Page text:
Road trip arches national park electricity bill average

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Back in Denver, we’d gotten advice on places to see and things to do. One strong recommendation was to fill up the gas tank as often as possible once we got out into the more remote areas of the wild west. Like the possibility of snow in Rocky Mountain Novembers, this wasn’t something I’d thought about, but of course, it made sense. So, near the turn-off for Moab, we pulled into Papa Joe’s for gas…and quickly pulled out again. $4.99 a gallon! That was more than $2.00 a gallon higher than anywhere else we’d seen so far. Outrageous!

No worries, we soon found a reasonably-priced filling station and continued on into Moab. We stopped first thing in Arches National Park Guest Center to get familiar with what to see and how to see it. We decided that given the time and our hunger, we’d save the park for tomorrow. But we did whet our appetite by pouring over the postcards, picking up park maps, and watching the introductory video. This place was going to be amazing! Finding our Brand New Hotel

After dinner at the Moab Grill, we went to check-in at our second Springhill Suites by Marriott Hotel. electricity tattoo designs We had an address for Siri, but she never said a word. We drove out of Moab. Where was the hotel? It was supposed to be the closest hotel to Arches National Park. We drove back in to Moab. Nothing. We turned around and drove more slowly back the other way, out of Moab. And, back in again. What the heck? We pulled in to a parking lot and made a phone call for directions. The lady on the phone described the building, and the turn off just past the river. The hotel had only been open for four days, and they hadn’t put the sign up yet.

A few minutes later, we pulled into the right parking lot and drove around the unmarked building looking for a lobby door. Lucky for us, check-in was easier than finding the place, or the door to get in. The fireplace was lit in the lobby, and we lingered there for a minute before finding a luggage cart to take our bags up. We’ve never stayed in such a new place! Our room had never been slept in. Everything smelled new and clean–from the woodwork, dry wall construction and fresh paint, to the brand new sheets and towels, and spotless carpeting. What a treat! Thank goodness hotels have coin-operated laundry rooms and vending machines of detergents. Doing Laundry on the Road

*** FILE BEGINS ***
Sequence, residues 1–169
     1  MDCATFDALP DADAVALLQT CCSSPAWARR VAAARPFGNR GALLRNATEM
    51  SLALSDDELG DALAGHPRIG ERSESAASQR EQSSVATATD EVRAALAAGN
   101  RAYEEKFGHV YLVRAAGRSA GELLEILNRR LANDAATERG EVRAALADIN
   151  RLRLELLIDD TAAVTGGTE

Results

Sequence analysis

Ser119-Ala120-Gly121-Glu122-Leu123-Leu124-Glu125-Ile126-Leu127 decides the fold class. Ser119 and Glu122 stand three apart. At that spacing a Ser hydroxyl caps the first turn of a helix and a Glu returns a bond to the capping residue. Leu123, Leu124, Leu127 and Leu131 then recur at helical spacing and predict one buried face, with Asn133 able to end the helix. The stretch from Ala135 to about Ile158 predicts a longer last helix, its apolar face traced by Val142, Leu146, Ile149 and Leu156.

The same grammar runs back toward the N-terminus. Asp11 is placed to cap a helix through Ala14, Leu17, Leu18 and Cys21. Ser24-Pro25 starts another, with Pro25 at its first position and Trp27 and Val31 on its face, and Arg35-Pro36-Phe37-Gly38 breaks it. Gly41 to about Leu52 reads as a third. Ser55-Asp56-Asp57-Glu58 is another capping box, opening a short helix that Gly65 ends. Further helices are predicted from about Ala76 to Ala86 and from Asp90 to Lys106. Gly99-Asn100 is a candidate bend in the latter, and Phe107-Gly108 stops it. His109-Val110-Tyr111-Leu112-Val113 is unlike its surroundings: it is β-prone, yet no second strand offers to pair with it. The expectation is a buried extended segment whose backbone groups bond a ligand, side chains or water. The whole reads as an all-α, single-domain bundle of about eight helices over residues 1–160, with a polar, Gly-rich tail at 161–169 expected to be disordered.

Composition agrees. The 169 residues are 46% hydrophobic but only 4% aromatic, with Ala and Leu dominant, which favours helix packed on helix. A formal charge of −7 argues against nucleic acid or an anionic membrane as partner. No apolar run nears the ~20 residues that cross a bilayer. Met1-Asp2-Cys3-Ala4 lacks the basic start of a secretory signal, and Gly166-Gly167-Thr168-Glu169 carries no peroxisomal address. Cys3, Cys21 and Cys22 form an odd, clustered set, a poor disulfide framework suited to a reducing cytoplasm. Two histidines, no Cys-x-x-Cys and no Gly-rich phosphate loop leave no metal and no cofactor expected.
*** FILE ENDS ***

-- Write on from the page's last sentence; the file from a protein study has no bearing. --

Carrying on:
We had left Chicago and Nashville about 10 days ago and we were running out of clean clothes. Thankfully, the hotel had a coin-operated laundry room for guests. power usage estimator For $10.00, we did two loads of laundry, while catching up on journals and photo downloads. Not a bad way to spend an evening, considering the crazy days of driving we’d had recently. November 7: Arches National Park. Starting mileage 35,264.

In 1872, President Ulysses S. Grant signed a bill that created our first national park, Yellowstone. The National Park System was established 44 years later by The Organic Act of 1916: “to conserve the scenery and the natural and historic objects and wildlife therein, and to provide for the enjoyment of the same in such manner and by such means as will leave them unimpaired for the enjoyment of future generations.” Today, the U.S. National Park system contains 60 National Parks and a number of national monuments and historical sites.

Our National Parks are treasures. z gastroenterol journal They are sweeping and majestic scenery preserved for us, and native animals. They are history saved and remembered for us. And as Ken Burns and PBS say, they are America’s Best Idea. An annual pass is just $80 and allows a carful of people to enter any of our national parks. I cannot recommend the parks or the pass enough. Arches National Park

We proudly showed our National Park Annual Pass to the Park Ranger at the entry gate that morning. I smiled and stared at his Smokey the Bear hat as he handed down a newspaper map with the formations, roads, and trails. And then we began our drive into the park…up, up, up. The road twisted and turned, doubling back on the mountain’s ridge as we climbed into the park and the Ranger’s station got smaller and smaller below us.